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The Effect of Roll Rate on Simulated Entry Vehicle Ballistic Range Tests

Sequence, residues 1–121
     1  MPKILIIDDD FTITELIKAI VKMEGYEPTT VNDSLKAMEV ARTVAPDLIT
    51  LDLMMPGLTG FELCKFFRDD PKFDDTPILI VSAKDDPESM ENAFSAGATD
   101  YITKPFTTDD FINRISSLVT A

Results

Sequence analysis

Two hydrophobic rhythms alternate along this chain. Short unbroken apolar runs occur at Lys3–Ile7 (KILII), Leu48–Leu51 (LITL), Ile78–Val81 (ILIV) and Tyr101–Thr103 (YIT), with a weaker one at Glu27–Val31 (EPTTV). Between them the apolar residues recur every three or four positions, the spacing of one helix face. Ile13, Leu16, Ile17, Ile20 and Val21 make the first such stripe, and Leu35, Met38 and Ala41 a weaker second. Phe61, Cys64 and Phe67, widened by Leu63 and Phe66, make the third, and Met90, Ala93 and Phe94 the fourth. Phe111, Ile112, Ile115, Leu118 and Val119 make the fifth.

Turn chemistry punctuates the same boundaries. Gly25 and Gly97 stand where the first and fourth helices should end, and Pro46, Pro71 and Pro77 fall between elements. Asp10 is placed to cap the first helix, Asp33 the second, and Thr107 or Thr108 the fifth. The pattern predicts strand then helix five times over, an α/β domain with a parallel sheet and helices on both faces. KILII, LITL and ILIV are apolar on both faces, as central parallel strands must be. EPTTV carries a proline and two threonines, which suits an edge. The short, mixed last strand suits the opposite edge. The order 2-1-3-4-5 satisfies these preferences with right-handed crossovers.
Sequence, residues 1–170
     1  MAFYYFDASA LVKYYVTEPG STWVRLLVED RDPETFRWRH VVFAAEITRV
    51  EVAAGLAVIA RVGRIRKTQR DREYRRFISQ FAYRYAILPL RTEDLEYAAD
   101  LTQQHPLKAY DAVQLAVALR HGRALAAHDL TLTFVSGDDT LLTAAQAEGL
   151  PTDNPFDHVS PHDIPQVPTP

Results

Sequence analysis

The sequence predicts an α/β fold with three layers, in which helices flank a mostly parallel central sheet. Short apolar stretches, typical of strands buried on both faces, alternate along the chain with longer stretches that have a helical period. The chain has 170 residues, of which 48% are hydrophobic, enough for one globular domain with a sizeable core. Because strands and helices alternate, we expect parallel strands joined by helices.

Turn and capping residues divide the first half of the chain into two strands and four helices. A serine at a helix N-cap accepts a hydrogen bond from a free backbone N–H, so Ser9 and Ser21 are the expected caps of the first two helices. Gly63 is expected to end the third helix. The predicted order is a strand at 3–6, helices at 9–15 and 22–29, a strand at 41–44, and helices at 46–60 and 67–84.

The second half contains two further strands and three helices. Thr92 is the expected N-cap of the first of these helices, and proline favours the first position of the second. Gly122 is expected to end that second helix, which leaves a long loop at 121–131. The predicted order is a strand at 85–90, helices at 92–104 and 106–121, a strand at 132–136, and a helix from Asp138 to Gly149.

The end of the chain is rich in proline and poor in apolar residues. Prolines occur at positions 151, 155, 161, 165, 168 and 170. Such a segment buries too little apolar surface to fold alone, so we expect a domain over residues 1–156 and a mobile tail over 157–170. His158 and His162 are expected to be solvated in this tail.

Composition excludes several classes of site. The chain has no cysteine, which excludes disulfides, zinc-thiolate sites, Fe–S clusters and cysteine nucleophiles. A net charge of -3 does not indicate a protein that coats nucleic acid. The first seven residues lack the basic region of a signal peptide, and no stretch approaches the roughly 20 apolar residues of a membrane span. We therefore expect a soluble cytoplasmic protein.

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Free-flight computational fluid/rigid-body dynamics simulations are now being explored as a way to augment physical experiments for characterizing the dynamic behavior of blunt-body atmospheric entry vehicles. Initializing these simulations with accurate initial conditions is critical to achieving validation against experimental results and characterizing vehicle behavior. This paper explores the impact of a nonnegligible initial roll rate on numerical free-flight simulations of ballistic range tests using the FUN3D Navier–Stokes flow solver and POST2 trajectory propagator. These ballistic range shots were performed on a model of the Supersonic Inflatable Aerodynamic Decelerator at the NASA Ames Hypervelocity Free-Flight Aerodynamics Facility. In the absence of measured roll data, a method for reconstructing the initial roll rate is developed assuming that a nonnegligible roll rate accounts for the exchange in amplitude between the experimental pitch and yaw data. Simulations of three shots spanning a range of initial roll rates are executed to evaluate the new method. Results are validated against the physical ballistic range tests. Simulations with the reconstructed roll rate are more accurate to the experimental data than those assuming a negligible initial roll rate. Direct calculation of the pitch damping coefficient also captures the effect of roll rate on pitching moment.


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